In its place will be gated communities, and large multiplexes built after cutting hills and 8-lane highways on what were once farmlands, ropeways, convention centres and theme parks.

Land will be acquired and compensation shall not be paid as cases on land titles will be stuck in court. Coal wagons on doubled tracks will spew coal dust choking our families and damaging homes. Our forests will be ravaged, our rivers flowing through wildlife sanctuaries will be diverted and our fish will perish with increased levels of salinity in our remaining rivers.

Destructive development is tearing the soul of Goa 

& Goans

As more money is pumped for infrastructure, there’s less money for our farmers and fishermen. When bunds are broken and saline water enters their fields and destroys their crops, they go knocking on several official doors for compensation that takes months and years to come. While Goa sees high-end hotel chains commit to putting in Rs 300 crore for expansion, farmers wait for thousands as reimbursement fixing bunds with their own money and hands. At the same time, our pristine heritage is getting destroyed brick by brick. From homes to buildings, to works of art and heritage areas, everything is crumbling at the feet of the onward march of rampant destructive development which is tearing the soul of Goa and Goans.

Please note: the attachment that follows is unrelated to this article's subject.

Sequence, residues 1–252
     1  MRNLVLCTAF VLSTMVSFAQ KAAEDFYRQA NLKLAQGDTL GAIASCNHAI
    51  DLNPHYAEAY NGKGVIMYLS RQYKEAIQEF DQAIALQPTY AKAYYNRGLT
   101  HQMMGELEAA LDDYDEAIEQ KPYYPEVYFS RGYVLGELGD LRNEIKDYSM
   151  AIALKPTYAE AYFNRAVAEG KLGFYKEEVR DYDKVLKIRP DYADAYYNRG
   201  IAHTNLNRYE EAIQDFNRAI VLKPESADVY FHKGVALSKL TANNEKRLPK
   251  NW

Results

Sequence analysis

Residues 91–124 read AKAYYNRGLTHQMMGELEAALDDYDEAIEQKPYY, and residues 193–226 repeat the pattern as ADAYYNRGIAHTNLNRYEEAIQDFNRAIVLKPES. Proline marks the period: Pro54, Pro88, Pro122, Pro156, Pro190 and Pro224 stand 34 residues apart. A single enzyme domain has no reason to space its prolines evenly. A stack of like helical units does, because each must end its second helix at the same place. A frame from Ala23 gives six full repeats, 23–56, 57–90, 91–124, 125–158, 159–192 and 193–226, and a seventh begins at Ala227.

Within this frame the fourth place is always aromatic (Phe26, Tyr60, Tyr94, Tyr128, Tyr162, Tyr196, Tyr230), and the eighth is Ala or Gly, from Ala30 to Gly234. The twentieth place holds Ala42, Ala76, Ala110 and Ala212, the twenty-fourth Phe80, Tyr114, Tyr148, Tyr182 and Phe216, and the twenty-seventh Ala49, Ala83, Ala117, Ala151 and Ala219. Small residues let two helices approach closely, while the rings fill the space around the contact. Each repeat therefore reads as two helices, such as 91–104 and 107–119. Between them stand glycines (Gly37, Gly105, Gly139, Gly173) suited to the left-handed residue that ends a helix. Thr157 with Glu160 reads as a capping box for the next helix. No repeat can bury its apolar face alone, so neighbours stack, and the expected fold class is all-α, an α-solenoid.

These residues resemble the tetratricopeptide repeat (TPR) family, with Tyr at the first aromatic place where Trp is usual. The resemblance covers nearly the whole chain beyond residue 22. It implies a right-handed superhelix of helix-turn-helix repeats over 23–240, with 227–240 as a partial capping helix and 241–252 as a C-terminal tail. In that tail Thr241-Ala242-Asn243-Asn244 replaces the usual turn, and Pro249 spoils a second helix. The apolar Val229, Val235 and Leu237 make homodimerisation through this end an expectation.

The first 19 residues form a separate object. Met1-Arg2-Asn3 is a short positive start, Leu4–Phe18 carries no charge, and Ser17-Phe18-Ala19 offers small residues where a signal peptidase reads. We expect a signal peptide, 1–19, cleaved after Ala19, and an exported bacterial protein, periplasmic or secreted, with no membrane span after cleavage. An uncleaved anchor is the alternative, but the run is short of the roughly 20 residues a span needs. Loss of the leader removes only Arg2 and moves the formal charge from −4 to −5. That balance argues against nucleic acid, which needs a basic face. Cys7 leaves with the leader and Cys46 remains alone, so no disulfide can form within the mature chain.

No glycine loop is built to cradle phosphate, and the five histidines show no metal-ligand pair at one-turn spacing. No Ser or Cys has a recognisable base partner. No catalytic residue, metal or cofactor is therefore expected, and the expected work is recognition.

There are trawlers with LED lights coming and sucking out fish from Goan waters, but there’s no urgency or money to buy patrol boats for North and South Goa coastal police stations to catch the rogue trawlers. Our traditional fishermen are not getting subsidies in time to mend their fishing nets and boats.  Yet crores are available to build theme parks, cable cars, and highways, each project taking everything out from the Goa it once was, turning Goa from a natural biodiversity hotspot to a wasteland.

A worry-stricken Jug Suraya in his column rightly highlighted how “steamroller India is grinding Goa’s uniqueness into oblivion”. He further wrote, “That Goa is fast vanishing, obliterated by a sprawl of luxury hotels, resorts and monstrous apartment blocks of holiday homes for people from Delhi, and Mumbai, and Bengaluru, and elsewhere.”